There are tons of single-board (SBC) options. The Raspberry Pi is arguably the most popular SBC on the market with loads of official and third-party community support. However, options such as the Odroid XU4 prove excellent Raspberry Pi alternatives. The ASUS Tinker Board is a solid maker board with tons of uses. Learn more about getting started with the ASUS Tinker Board with an ASUS Tinker Board review and tutorial!

ASUS Tinker Board Specs

The ASUS Tinker Board comes in two variants: The vanilla ASUS Tinker Board and ASUS Tinker Board S. Its base model comes equipped with a Rockchip RK3288 Cortex-A17 quad-core system on a chip (SoC) processor. You’ll see quad-core processing as high as 1.6GHz, and single core processing up to 1.8GHz. There’s an ARM Mali-T674 GPU with 4K support over HDMI. Onboard, there’s a decent 2Gb of DDR3 RAM.

For connectivity, the ASUS Tinker Board offers 802.11 b.g.n wireless and Bluetooth 4.0. There’s a microSD card slot, and four USB 2.0 ports. You’ll find a 15-pin MIPI CSI slot as a camera interface, and a 40-pin GPIO header. For power, the ASUS Tinker Board uses a micro USB port and it’s compatible with a variety of operating systems (OSes).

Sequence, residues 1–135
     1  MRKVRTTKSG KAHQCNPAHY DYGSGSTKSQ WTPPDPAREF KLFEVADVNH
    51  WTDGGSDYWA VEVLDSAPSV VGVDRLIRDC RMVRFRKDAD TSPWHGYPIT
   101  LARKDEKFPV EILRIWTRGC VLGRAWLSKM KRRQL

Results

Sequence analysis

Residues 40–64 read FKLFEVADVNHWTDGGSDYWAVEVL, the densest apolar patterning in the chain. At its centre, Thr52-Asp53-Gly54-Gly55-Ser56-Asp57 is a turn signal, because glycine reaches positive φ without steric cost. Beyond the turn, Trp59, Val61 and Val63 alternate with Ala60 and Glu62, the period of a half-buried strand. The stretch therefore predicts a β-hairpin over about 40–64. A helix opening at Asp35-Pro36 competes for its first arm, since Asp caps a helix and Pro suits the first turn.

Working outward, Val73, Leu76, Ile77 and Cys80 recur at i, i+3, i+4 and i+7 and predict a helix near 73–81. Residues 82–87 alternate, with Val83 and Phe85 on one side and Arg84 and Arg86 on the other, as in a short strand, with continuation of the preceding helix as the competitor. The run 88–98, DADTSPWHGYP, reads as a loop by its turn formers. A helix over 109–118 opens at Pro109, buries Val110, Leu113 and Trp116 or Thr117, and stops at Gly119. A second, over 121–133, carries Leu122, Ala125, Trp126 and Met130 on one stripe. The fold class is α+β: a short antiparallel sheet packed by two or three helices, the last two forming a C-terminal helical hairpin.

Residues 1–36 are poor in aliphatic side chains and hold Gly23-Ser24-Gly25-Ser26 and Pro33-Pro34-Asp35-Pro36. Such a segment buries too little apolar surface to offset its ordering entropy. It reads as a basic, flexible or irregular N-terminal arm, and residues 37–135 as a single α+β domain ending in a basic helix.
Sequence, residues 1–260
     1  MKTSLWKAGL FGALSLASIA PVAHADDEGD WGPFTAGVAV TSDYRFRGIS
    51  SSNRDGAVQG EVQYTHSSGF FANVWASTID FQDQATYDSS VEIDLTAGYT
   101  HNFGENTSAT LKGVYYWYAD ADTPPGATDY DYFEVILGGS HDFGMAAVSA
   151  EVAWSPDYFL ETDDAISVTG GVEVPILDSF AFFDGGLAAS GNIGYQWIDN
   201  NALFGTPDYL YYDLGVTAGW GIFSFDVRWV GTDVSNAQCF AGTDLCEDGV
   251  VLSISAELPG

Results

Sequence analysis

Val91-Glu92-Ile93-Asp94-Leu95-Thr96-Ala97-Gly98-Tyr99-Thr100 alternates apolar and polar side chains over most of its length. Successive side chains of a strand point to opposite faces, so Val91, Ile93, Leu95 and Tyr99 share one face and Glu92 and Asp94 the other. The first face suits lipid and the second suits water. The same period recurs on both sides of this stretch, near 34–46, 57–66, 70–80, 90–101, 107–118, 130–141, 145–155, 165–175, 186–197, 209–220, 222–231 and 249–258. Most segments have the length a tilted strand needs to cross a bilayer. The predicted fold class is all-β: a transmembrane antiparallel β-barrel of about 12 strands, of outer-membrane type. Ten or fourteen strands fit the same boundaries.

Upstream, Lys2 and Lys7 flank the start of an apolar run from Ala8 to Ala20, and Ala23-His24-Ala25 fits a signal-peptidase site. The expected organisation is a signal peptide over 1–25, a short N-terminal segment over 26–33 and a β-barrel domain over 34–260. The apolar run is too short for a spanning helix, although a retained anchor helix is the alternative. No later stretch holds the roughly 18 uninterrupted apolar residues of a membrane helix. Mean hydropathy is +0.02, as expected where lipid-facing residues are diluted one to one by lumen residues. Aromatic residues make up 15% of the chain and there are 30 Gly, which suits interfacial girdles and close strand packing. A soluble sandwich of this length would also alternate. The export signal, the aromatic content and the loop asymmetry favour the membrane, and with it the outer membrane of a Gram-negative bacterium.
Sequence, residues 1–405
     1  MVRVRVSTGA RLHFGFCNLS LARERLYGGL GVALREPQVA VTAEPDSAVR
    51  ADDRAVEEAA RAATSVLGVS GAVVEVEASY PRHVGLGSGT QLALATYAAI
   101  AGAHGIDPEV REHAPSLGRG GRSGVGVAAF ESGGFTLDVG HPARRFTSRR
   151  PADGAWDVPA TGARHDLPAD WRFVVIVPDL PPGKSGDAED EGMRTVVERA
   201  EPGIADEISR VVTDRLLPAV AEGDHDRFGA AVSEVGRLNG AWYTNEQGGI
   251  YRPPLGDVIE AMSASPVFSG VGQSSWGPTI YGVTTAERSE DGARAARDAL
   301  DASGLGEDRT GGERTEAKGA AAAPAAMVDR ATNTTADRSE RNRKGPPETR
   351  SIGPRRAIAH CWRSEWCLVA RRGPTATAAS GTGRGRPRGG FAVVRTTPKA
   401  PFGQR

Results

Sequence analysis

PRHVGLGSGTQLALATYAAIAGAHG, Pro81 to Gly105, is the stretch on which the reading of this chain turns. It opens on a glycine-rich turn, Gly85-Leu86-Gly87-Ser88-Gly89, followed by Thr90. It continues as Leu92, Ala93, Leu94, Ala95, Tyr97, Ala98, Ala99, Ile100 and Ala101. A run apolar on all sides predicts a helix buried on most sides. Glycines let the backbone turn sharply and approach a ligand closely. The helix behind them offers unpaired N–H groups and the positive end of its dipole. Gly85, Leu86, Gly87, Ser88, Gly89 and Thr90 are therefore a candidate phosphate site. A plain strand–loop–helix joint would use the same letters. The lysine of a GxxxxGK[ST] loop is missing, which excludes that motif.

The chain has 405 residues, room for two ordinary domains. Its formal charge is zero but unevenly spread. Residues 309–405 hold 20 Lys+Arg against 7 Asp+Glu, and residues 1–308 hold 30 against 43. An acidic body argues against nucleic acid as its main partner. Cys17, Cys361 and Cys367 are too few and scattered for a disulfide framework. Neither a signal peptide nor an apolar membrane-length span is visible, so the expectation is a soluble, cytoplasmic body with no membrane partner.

Upgrading to the ASUS Tinker Board S adds 16GB of eMMC, a smart audio jack, HDMI-CEC support, and better power management. 

ASUS Tinker Board specs:

  • Rockchip RK3288 Cortex-A17 quad-core SoC
  • ARM Mali-T764 GPU
  • Up to 4K video support
  • 2GB DDR3
  • 802.11 b/g/n Wi-Fi
  • Bluetooth 4.0
  • 4 x USB 2.0 ports
  • 1 x 15-pin MIPI CSI slot
  • 1 x 40-pin GPIO header
  • micro USB port for power
  • Compatible with many OSes including Debian Linux

ASUS Tinker Board S specs (same as ASUS Tinker Board plus): 

  • 16GB eMMC
  • Improved power management
  • Smart audio jack

Getting Started With the ASUS Tinker Board: What You’ll Need

Spinning up ASUS Tinker Board projects is pretty simple. For a basic configuration, you’ll only need the ASUS Tinker Board, a microSD card, micro USB power supply, optional but recommended case, input peripherals, and an operating system image.

What you’ll need:

  • ASUS Tinker Board SBC
  • microSD card
  • ASUS Tinker Board OS image
  • micro USB power supply
  • Case (optional, recommended)

Total Cost: For the ASUS Tinker Board, you can snag the board alone for around $57. Then, you can get a kit complete with case, cooling fan, and power supply for $20. That/s around $80 for the Tinker Board. The ASUS Tinker Board S retails for $85, bringing its cost to around $105. Unless you require HDMI-CEC and an eMMC module, the ASUS Tinker Board delivers virtually the same experience as a much lower price.